When Joel left 2000 for 1941, he was a young man, fresh out of college, with no dependents and relatively few cares in the world or hostages to fortune. When Grace leaves 2002 for 1918, she’s a wife and mother of two little girls. She leaves everything behind – and can’t figure out how to get back.

Just as Joel did in 1941, Grace manages to make a life back in the past, with relatives that would become hers in the fullness of a time that she has already lived but they haven’t yet experienced.

She has her parents again, this time as contemporaries. She has a front row seat on their courtship. She even manages to fall in love again. It’s not the same, but it’s a life that could be sweet.

And then she discovers that she has one last chance, and it is the last chance, to go back to her real life in 2002 – if she’s willing to leave behind everything she’s found in 1918 to take the chance that this time she can go home.

Escape Rating B: I enjoyed The Show, but it doesn’t hold up quite as well as my memory of The Mine – which you really need to read before going to The Show. Nor did it grab at my heartstrings in the way that The Journey did.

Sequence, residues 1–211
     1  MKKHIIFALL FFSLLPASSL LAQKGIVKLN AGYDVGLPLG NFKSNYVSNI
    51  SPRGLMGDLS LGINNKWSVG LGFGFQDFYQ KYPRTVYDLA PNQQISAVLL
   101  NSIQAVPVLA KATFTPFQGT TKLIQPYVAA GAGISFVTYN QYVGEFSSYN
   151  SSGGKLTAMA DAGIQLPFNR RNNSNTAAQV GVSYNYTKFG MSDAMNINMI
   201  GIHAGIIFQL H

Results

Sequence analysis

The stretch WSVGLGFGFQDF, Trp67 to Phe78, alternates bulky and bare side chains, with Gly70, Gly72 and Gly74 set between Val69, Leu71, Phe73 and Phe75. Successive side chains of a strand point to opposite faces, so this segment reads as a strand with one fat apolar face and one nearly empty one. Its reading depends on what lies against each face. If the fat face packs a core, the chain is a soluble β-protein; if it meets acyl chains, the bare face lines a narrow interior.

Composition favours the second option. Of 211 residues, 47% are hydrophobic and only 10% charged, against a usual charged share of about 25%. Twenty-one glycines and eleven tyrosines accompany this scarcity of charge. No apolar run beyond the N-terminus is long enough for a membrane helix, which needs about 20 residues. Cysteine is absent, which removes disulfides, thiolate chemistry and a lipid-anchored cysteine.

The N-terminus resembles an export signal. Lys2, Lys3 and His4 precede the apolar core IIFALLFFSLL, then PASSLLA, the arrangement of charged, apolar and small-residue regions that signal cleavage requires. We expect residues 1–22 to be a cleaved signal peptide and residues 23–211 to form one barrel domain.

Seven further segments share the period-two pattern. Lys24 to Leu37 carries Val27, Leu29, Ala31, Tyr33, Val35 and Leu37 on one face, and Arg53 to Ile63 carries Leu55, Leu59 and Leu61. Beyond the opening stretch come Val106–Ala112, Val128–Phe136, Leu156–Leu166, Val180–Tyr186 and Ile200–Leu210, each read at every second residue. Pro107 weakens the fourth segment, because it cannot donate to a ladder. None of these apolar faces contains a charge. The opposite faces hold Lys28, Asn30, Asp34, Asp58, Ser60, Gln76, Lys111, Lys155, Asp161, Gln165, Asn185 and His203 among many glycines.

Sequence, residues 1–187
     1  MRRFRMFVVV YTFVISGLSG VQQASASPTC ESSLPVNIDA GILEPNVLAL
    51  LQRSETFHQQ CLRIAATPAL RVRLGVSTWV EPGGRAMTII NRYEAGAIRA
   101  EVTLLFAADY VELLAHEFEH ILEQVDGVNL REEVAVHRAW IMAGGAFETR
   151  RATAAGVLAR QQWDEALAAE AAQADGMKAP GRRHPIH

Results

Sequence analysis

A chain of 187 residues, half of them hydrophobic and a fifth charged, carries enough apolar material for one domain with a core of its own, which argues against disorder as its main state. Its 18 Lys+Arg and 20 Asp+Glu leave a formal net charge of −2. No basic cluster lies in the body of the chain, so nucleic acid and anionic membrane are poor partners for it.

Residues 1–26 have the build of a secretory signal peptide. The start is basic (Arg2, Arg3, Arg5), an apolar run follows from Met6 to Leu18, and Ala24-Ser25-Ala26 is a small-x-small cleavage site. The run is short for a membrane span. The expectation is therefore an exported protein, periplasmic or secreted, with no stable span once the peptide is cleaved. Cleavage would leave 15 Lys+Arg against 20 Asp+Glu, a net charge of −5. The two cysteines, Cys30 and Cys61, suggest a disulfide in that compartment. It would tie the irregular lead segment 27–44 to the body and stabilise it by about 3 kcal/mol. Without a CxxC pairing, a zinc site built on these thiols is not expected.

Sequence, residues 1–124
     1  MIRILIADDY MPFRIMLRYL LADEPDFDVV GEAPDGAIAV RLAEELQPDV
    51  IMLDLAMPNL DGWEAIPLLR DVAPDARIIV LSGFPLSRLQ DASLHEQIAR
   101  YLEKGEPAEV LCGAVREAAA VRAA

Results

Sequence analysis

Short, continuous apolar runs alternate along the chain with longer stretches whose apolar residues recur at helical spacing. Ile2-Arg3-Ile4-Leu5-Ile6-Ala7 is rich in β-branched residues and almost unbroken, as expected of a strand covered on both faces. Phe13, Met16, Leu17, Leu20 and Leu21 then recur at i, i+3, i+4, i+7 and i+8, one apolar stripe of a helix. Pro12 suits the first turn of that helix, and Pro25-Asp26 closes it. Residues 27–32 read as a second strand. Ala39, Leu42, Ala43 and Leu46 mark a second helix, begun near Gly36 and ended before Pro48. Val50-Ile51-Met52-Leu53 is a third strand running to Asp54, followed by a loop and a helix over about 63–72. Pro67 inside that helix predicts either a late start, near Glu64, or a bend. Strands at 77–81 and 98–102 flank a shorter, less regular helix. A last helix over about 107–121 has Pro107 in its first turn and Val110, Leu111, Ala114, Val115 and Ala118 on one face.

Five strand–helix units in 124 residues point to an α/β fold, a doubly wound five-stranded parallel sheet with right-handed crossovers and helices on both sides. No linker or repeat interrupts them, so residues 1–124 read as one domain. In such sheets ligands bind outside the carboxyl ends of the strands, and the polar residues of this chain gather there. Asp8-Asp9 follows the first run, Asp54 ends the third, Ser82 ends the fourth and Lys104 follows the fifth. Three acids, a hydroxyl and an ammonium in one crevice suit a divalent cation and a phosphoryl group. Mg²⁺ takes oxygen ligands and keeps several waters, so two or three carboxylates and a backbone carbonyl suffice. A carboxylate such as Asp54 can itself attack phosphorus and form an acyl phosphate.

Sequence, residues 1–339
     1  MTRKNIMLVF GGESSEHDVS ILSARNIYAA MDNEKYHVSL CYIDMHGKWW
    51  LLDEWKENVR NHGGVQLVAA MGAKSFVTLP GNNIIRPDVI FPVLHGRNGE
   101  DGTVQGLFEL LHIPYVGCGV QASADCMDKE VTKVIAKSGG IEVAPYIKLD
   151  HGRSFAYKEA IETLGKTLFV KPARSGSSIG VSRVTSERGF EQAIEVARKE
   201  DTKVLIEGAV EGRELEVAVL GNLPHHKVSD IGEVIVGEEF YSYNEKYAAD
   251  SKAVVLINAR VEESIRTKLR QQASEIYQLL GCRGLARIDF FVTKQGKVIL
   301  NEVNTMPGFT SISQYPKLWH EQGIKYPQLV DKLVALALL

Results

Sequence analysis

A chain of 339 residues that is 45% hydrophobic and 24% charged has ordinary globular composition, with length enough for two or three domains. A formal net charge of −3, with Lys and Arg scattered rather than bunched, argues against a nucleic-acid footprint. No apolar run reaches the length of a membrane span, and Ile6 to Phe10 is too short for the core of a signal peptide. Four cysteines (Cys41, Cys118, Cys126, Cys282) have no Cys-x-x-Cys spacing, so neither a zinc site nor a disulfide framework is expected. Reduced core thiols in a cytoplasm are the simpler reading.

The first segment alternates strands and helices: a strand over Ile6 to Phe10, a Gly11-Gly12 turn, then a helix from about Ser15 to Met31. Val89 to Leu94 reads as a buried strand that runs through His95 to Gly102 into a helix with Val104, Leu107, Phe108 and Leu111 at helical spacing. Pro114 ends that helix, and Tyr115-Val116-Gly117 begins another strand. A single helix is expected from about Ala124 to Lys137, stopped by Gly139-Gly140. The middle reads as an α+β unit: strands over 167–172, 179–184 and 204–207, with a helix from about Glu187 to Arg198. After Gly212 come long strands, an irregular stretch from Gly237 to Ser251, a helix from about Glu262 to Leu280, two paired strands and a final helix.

I think that one of the reasons this didn’t grab me quite as hard was that the blurb for the book gives the big plot twist away. We know from the opening pages that Grace is going to travel back in time – and it hangs over the story like the proverbial Sword of Damocles. Grace’s advent into 2000 was way too easy, and I just wanted the story to get to the interesting – and hard – parts.

Grace’s life in the 21st century also raises questions that Joel’s life in 1941 didn’t. How did Grace and Joel even manage to get married in 2000 without Grace having a birth certificate? How did she get a driver’s license – which she definitely did. It’s a detail that niggles at me.

Joel was rightfully worried in 1941 about what would happen if he turned up at an Army recruiter’s office after Pearl Harbor with no birth certificate or ID of any kind. But in the rush to get bodies in uniform he would have had a way easier time than Grace should have had even in the pre-9-11 21st century.